Chronicles of The K-9 Boys and Girls on Locus Street seriesre

Chronicles of The K-9 Boys and Girls on Locus Street seriesre
Rescued Dogs' Stories

Tuesday, June 5, 2012

Happy Dagger on Come In, Sit Down, Tell Us About...

For you that are new, please read our intro now printed in Blue - for our returning guest feel free to jump to the text in black:

This blog is a meeting place for authors and others in the arts .... each week as others are directed to our door or just stumble on by, they come and leave information about themselves - telling about their new books or drawings or photos or to tell us about their new blogs. ****PLEASE be sure your comments are appearing on the latest most timely blog insuring your inclusion in the sending off to Google plus land at the end of the week.*****

Here is the link to Gwen’s site: , a site which I am closely affiliated.

As I am wont to say {as does Facebook}, our site is free to comment and share and always will be free. This is a great site to join and to become interactive with guest blogging. It gives you a chance to step out of your box and be whatever you wish.

Another blog that I have a close tie is CRYPTO and CO. Please pop over and check out all their pages.

I have been off doing business and my blogging, unfortunately, falls by the wayside. There is so much news to tell and swamping tends to cross eyes and brain fog off... so only a few links on today's news.

If we thought last month was busy, this month got off to a plunge into new adventures of editing, writing, publishing, promoting, and social interaction.

The Rain Cloud's Gift written for Children's Charities by our group The Peacock Writers' is on it's way to the NYC BOOK FAIR at the JACOB JAVIT'S CONVENTION CENTER. No mass books or signing, just books displayed for industry professionals, stars, editors, publicists, publishers, and acquisition teams for the movie industry. Gwenna D'Young has an Angel who was so impressed with the book, and has given us the money and backing to have the book appear in the line up. We are also in the process of releasing a full, pictures included, limited edition.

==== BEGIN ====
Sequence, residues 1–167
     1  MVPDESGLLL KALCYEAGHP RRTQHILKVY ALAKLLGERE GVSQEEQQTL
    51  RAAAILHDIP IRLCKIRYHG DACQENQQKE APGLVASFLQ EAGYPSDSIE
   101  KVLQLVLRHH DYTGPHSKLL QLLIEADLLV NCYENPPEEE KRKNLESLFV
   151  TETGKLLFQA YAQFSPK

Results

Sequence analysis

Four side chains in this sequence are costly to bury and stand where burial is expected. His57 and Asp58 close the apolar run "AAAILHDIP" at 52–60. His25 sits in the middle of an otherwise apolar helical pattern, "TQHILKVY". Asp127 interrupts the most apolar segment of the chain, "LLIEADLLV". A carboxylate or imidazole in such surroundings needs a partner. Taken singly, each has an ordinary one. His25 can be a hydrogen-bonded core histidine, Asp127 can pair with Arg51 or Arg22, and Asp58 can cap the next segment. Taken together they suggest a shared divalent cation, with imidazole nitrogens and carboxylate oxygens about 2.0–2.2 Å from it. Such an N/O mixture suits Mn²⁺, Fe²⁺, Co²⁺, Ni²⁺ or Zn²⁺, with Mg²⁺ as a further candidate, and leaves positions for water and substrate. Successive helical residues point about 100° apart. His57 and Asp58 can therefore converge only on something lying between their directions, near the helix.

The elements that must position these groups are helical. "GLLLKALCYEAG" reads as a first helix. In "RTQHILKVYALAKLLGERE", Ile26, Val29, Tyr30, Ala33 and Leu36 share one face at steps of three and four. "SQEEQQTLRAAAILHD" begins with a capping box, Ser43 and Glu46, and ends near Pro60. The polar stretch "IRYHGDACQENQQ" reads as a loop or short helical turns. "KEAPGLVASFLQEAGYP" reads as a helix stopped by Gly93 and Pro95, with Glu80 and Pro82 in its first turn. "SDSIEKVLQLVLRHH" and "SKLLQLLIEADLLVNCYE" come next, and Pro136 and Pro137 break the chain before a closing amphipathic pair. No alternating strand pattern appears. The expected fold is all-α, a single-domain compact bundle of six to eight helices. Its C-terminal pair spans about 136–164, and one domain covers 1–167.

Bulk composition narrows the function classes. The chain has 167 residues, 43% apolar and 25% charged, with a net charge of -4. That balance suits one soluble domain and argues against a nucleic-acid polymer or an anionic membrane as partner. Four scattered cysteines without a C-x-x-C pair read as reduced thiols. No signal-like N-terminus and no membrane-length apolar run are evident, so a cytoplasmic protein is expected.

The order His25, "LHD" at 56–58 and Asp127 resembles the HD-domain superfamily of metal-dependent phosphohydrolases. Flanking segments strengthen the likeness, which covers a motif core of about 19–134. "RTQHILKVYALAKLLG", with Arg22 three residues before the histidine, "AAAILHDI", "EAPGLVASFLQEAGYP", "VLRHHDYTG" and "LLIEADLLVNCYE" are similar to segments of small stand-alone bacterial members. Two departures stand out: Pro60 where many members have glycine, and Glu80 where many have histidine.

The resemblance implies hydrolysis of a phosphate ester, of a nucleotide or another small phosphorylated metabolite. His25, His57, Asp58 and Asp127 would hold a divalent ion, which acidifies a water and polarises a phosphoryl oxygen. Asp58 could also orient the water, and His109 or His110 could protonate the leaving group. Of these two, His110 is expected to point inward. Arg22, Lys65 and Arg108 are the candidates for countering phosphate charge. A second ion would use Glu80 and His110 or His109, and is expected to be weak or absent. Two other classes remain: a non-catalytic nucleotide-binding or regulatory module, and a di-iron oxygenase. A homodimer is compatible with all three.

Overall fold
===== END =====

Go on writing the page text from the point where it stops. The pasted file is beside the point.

Our next book in this series will celebrate the fall season and we are recruiting writers {1 each} from India, Japan, and Philippines - America has Halloween and Thanksgiving, Great Britain has Guy Fawkes - we would like stories that reflect fall traditions or holidays for these other cultures as well. The stories would remain the sole property of the author and their use as a donation would only occur for the book collection for Children's Charities. The story is to be written on a level where a child could either read it or have it read to them - our age goal for readers is 0 through 12. Please contact me at if interested in being considered.


Today, Tuesday June 5 2012 we have, as our guest, Happy Dagger.

The first time I read something by Happy Dagger, my reaction was ewwwwwwwwwww - his description was so clear, it left no room to imagine he could be possibly writing about anything but what he was in fact writing. He reminds me very much of Stephen King description-wise. I am delighted he agreed to an interview ~ 

What inspired you to write? 

For me, writing is more of a compulsion than an inspiration. I was snookered into reading by kindergarten teachers as a small child. If you could read a sentence on a piece of paper, you were rewarded by being allowed to grab hold of some sugary Captain Crunch cereal from a giant shiny blue bowl. Like a good monkey, I was highly adept at completing my tasks and getting my pellets. 

Reading, being a gateway drug, led me down the slippery slope to writing. Often, living in a little world of my own creation, writing became the next thrill to pursue. Constructing the beginnings, middles, and ends of a story with characters became the closest thing, from my point of view, to playing God.